How Leaders Can Cultivate Patience in an Impatient World (2020)

Manfred Kets de Vries

Patience is one of the more difficult challenges of being human

The whole world is waiting for a coronavirus vaccine so that life can get back to normal. It feels like all of us are characters in Waiting for Godot. But unlike Samuel Beckett’s play, where the protagonists are waiting for something that probably will never happen, we can expect that a cure will be found. Until that time, much patience will be needed.


The pandemic has made us realise that patience is one of the more difficult challenges of being human. In more ways than one, the coronavirus has dramatically transformed our lives – and not necessarily for the better. For many of us, “cabin fever” has raised its ugly head, contributing to various mental health problems. Some of us may even have been quite sick, had a brush with death or had someone close to us die. It has been difficult to remain calm, cool and collected.


In our world of overnight delivery, fast food and overall instant gratification, many of us don’t even give ourselves the time to read a novel. Instead, we prefer to read short articles or watch YouTube clips. When our needs aren’t met immediately, we become frustrated.


Stress elevates our cortisol levels and triggers our flight or fight response. Impatience can transform leaders into agitated, poor decision makers. It can harm our reputation, damage our relationships and escalate already difficult situations. In sum, impatience is a root cause of much unhappiness in the world today.


Three types of patience


By contrast, what is patience? It is the ability to stay calm in the face of disappointment, adversity or distress. Having patience allows us to better process challenging situations. It helps us sort out our thoughts and bring our feelings under control. Patience reduces the risk of angry outbursts. It helps us not to resort to snap judgments, improving the quality of our decisions. Patient leaders have better relationships with their colleagues, friends and family.


Social psychologists differentiate between three kinds of patience. There is “interpersonal patience,” referring to the ability to face annoying people with equanimity. There is “life hardship patience,” which is the patience to overcome serious setbacks in life that are more of a long-term nature (like waiting for the outcome of a medical treatment or a possible job promotion). Finally, “daily hassles patience” refers to how we deal with trivial things, like getting stuck in traffic or facing long queues at the supermarket.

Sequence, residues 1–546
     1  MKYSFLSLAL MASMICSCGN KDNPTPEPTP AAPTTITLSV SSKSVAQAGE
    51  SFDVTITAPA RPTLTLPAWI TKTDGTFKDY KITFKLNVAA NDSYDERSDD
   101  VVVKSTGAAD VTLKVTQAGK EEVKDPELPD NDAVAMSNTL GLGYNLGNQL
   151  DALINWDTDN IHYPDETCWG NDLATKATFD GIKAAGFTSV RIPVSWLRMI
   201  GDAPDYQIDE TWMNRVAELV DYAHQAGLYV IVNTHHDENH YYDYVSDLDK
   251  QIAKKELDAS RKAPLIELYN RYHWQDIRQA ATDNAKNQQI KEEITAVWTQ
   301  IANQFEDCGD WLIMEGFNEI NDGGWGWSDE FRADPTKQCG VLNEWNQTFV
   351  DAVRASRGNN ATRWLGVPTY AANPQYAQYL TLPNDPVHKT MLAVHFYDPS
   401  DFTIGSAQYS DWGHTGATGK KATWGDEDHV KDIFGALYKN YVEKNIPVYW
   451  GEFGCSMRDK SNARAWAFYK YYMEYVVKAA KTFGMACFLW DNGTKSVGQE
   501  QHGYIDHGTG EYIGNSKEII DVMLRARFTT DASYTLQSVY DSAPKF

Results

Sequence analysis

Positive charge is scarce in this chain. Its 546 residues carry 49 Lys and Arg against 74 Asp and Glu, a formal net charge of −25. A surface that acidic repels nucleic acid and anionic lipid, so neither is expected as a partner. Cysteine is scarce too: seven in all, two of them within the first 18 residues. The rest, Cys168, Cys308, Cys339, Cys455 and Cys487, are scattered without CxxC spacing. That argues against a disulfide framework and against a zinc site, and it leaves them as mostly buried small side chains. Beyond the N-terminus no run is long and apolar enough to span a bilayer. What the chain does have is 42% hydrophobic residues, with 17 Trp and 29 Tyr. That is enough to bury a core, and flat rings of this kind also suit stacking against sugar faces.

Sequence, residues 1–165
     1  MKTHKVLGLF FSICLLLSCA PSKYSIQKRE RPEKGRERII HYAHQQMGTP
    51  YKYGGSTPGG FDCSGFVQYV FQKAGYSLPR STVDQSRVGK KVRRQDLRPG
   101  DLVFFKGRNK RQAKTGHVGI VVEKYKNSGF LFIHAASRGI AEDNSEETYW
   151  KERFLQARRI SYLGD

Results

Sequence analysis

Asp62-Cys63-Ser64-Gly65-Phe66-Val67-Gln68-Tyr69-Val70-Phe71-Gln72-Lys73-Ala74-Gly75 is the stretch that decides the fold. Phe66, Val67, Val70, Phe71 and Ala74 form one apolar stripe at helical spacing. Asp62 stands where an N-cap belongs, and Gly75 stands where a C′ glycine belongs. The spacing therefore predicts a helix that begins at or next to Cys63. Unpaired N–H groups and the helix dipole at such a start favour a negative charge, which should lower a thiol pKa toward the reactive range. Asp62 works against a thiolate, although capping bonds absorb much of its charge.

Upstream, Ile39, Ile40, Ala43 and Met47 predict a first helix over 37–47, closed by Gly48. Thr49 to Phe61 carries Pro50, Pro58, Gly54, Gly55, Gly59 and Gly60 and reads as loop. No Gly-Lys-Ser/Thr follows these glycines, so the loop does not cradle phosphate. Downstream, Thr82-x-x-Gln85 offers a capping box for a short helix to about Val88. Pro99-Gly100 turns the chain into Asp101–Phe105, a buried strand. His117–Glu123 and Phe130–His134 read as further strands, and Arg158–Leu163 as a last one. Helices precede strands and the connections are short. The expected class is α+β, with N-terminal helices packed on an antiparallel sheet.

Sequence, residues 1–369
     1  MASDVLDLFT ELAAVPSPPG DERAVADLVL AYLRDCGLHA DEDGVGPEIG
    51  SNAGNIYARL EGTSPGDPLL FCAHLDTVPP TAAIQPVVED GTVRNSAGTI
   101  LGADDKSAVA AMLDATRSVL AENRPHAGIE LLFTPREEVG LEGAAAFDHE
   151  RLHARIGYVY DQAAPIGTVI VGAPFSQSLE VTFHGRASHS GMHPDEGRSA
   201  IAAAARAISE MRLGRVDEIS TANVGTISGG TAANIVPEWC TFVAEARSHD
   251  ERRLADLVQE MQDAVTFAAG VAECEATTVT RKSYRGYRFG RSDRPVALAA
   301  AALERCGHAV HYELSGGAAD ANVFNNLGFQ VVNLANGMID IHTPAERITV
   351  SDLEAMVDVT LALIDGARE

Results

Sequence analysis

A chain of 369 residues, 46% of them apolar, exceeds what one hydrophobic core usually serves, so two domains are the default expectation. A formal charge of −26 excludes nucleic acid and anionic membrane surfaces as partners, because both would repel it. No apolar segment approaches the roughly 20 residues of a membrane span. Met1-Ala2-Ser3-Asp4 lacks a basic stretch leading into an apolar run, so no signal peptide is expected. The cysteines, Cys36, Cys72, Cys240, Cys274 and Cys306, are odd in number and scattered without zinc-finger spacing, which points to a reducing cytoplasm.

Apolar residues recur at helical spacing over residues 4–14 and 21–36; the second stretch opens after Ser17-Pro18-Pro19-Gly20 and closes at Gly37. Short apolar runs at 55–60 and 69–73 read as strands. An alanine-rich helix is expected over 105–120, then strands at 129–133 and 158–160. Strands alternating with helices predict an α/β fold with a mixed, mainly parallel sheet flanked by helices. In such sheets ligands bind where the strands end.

For those of us who weren’t born with patience, the good news is that patience can be learned. Some, without realising it, have already had the opportunity to practice their patience by becoming parents. Whatever the case may be, here are nine ways to exercise your patience muscle to improve your life and decision-making abilities.


Discover your patience triggers   


Your triggers could be specific people, situations or even certain words. Look for physical indicators suggesting that something has set you off, such as fast breathing, muscle tension and hand clenching. A sudden mood change can be another indicator. Recognising your impatience triggers is the first step before you can move on to some of the practices mentioned below.


If you are interested in learning more about this topic:

  • KDVI will be running a 6-week open enrolment programme entitled Creating Healthy Cultures for New Ways of Working
  • We have listened to current leaders needs and have also developed 4 virtual services for individuals and for organisations. 
  • We are designing bespoke client-specific programmes for organisations who wish to take a proactive approach to the transformations they are experiencing. Enquire here for more information.

INSEAD Knowledge, 2020

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